- Organisational goals: a shift from an inward-looking goal maximising shareholder returns to an outward-looking goal of delighting customers profitably
- Organisational structure: a shift from managerial command and control to enabling collaboration among diverse self-organizing teams, networks and ecosystems
- Leadership styles and corporate culture in creative industries; leadership by design
- Management values: a shift from a single-minded preoccupation with profit and efficiency to an embrace of values that will grow the firm and the accompanying ecosystems.
- Innovation and transformation
- Teams and groups; type of teams found in creative industries; core aspects of organisation communication: a shift from top-down directives to multi-directional conversations across organizational boundaries about working together on common goals
- Challenges of recruiting, selecting, training, motivating, leading and controlling creative professionals; nurturing talent in creative industries
- Coordination of work: a shift from coordinating work by hierarchical bureaucracy with rules, roles, plans and reports to dynamic linking, with iterative approaches to development and direct customer feedback from, and interaction with, teams, networks and ecosystems
- Managing conflict in creative organisations
- Project management:
- definition, nature of projects; the statement of work, and the specification
- project work breakdown: structure and team recruitment.
- the kick-off meeting; the project task list; creating the project Gantt chart
- critical path; risk analysis basics—time buffer calculations
- understanding budgets and costs
- project plan review; project execution; project change; achieving closure
- trends in project management
Learning and teaching
The module is delivered over a 15 week period and consists of 1.5 hour lectures and 1.5 hour seminars each week. Exceptions to this are the designated employability week and teaching week: 13 (where week 1 is the first teaching week of the academic year) which is used for research and preparation for examinations.
The module is delivered via lectures and seminars. Supporting material is made available via Weblearn, which facilitates a blended learning approach to include wider reading and other materials to support the syllabus. The seminars serve to anchor knowledge imparted in the lectures and provides a forum for:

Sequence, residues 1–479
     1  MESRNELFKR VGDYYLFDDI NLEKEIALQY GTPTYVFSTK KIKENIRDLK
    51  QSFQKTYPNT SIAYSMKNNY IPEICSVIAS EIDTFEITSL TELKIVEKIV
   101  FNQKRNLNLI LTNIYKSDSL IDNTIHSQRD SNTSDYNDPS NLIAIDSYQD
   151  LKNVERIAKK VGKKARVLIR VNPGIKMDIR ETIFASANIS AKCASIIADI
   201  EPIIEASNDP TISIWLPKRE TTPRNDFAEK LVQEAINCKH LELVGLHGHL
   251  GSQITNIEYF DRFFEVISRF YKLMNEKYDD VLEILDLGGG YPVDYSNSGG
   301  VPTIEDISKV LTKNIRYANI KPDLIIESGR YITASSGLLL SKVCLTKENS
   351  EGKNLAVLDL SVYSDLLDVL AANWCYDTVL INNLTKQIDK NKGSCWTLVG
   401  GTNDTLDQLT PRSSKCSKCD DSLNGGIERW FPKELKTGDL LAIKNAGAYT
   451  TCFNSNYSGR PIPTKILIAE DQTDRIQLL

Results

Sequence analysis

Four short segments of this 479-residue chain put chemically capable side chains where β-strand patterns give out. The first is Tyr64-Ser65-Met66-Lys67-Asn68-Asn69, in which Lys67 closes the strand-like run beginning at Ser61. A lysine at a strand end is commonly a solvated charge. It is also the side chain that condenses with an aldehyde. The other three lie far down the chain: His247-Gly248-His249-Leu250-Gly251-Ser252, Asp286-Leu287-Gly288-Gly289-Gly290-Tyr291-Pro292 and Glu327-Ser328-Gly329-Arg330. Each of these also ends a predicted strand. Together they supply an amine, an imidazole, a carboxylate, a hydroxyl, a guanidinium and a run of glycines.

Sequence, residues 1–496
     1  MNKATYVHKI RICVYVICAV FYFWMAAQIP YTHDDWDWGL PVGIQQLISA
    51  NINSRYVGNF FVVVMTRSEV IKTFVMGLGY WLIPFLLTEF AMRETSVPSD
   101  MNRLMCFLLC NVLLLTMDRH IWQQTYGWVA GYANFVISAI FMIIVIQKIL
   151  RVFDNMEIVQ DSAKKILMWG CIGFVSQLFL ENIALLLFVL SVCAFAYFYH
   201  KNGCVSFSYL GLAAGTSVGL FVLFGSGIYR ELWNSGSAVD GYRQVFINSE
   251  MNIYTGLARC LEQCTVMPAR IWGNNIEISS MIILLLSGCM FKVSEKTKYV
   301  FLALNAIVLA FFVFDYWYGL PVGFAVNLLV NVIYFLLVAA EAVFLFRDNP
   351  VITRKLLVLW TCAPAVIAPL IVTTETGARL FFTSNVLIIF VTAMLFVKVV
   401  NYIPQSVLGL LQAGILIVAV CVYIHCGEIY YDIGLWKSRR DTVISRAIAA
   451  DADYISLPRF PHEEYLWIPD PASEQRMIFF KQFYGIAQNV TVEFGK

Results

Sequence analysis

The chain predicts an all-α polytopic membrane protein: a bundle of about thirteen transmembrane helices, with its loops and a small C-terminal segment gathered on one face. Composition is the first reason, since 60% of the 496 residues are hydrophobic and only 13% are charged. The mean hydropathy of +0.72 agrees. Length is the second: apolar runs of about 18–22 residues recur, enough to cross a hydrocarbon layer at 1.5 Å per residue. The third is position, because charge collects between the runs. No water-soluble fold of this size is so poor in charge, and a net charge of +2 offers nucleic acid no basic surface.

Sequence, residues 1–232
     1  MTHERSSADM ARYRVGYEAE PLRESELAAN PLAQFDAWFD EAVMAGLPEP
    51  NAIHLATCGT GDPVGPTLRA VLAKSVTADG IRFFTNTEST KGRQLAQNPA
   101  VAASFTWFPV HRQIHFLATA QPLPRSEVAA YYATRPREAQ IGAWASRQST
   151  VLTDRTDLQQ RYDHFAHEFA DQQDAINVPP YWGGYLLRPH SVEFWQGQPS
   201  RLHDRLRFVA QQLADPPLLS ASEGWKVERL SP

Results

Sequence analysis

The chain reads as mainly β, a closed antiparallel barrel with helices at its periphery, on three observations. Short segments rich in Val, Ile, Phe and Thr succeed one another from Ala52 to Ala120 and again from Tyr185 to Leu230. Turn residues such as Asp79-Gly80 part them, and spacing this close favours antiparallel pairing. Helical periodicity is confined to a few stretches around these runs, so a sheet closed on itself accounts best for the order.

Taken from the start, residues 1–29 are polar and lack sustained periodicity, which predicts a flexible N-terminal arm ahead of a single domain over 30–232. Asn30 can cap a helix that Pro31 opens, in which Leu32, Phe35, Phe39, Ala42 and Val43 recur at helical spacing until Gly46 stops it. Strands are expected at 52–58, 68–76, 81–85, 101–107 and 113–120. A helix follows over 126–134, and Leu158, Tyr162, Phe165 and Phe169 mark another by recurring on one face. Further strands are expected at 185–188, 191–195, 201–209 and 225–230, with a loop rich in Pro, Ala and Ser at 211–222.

- A better understanding of lectures through small group discussions, case study/ journal article/problem solving analysis and interchange of questions and answers.
- Assist students in relating their knowledge to the fashion retailing discipline and profession
- Applied understanding of technical skills required for carrying out research in order to assist in employability skills for future careers in fashion retailing. Students will need to consider this aspect of the module as part of their personal development and be able to produce examples in a portfolio of the research skills for a future employer.
In addition, the seminars incorporate summative and formative feedback in order for students to have an opportunity to reflect upon and evaluate their performance.
In order to apply leadership, management, organisation behaviour, project management and human resource management knowledge to creative industries, academic journal articles will be read and critiqued as a priority. This module relies on students’ ability to read advanced academic articles and criticise them. The university databases hold numerous relevant journals where cases from creative industries are being analysed and critiqued. Students are strongly encouraged to go to these sources first. Journals such as the Harvard Business Review publish articles related to creative industries and working with creative professionals regularly. Equally, numerous web portals now have practitioners’ articles written reflectively by managers who work or have worked with creative teams.
Activity Week – usually Week 7 (where week 1 is the first teaching week of the academic year)
Activity week 7 is used to stimulate ideas and activities for students from different subject groups taking this module to enhance PDP. Activities allow students to further develop their team skills, creativity, critical thinking and problem solving.
On completion of the module students will be able to:
1. Appreciate the role creative professionals play within the fashion industry
2. Demonstrate knowledge and understanding of advanced principles of management, leadership, and human resource management and their application to environments of creative professionals
3. Understand the role of a project manager and of a project team and also how a project is planned and managed